The story shows how the dichotomies of nature vs. society, animal vs. human, wildness vs. civilization, freedom vs. control – and Western/white culture vs. African/black culture – not only determine how the adults interact, but completely structure the lion’s thinking as well. He never longs to roam free; he is happy to be walled in; he is happy with politeness and civility. That he so innocently does not understand that he is trapped by society not only makes his enjoyment of his domination poignant, but mirrors the plight of the humans in the story, too. The houses and walls and structures of control are so easily dismissed, by an unlocked latch – and then their ability to behave politely, to treat the lion with their usual regard and civility, goes right out the window. It’s the adults who act out of terror, who scream wildly, who seem lost without the lion’s barriers in place – society’s controlling mechanisms are somewhat flimsy, easily dismantled, and the effect is, to me, truly chilling.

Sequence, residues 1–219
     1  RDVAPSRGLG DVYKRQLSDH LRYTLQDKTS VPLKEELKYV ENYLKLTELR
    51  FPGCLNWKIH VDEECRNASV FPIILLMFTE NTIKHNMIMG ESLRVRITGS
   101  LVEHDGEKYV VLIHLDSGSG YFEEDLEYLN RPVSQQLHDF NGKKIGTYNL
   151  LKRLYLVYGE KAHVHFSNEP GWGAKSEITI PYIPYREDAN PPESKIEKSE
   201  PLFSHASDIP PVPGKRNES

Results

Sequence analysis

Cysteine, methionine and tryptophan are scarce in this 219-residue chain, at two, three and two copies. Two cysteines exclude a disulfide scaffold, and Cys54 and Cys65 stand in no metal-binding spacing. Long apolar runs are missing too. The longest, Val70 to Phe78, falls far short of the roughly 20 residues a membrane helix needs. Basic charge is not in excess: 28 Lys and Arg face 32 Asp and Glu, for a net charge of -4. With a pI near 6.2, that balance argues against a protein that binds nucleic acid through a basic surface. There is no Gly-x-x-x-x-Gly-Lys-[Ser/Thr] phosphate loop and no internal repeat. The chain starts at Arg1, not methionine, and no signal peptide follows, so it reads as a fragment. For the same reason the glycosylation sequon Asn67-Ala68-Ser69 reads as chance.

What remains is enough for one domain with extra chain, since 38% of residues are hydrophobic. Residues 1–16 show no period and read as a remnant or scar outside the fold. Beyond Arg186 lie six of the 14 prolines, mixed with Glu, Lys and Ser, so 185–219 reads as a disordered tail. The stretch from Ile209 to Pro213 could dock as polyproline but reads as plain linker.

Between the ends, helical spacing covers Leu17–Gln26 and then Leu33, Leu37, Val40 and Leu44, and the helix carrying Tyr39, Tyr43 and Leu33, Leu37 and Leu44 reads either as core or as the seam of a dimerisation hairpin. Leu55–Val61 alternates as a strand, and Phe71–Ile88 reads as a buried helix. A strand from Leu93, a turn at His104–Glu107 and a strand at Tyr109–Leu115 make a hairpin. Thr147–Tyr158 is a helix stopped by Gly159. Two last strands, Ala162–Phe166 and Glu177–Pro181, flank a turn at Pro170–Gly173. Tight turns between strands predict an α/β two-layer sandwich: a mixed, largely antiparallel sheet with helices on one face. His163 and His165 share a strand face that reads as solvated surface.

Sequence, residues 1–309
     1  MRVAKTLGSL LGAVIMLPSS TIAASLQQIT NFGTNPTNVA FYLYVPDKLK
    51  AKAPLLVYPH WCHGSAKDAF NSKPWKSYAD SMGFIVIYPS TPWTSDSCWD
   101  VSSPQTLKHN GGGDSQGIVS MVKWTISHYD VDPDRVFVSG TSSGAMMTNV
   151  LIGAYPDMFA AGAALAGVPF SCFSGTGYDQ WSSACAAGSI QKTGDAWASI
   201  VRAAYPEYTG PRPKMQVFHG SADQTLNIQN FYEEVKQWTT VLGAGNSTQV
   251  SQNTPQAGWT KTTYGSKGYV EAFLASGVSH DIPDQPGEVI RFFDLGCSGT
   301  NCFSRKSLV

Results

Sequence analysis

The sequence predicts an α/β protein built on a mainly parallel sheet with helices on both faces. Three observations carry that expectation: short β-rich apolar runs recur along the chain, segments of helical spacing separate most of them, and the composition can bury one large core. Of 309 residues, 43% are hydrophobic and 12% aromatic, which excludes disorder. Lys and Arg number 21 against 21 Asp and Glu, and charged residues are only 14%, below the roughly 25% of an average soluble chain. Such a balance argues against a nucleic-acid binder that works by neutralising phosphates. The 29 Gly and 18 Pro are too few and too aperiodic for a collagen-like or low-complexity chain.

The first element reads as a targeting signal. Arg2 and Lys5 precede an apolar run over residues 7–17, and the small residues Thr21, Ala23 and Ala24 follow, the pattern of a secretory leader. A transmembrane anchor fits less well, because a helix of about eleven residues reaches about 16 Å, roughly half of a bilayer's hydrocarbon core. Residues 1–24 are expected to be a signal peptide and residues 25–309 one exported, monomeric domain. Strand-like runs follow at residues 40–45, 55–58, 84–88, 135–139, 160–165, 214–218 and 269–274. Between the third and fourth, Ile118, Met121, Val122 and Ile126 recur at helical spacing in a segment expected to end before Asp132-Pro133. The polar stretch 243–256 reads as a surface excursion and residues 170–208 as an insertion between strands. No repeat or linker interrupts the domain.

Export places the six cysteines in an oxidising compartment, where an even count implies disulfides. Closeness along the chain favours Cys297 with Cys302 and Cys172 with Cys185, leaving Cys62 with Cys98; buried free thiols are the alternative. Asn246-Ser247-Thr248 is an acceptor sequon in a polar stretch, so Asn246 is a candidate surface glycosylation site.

I have no idea if Fatio intended her little story to be quite so pointed in its message about the weaknesses implicit in humanity’s attempts to subjugate the wild forces of nature, both within and without ourselves. It’s hard to imagine, though, that any writing in the 1950s and 60s that includes the landscapes of France and Africa – and we have to mention the Babar series, here, as well – can be read without the context of the historical colonial situations taking place in those decades. The French hold on countries like Algeria started to collapse – in 1954, the same year as the publication of The Happy Lion. Interesting coincidence, no?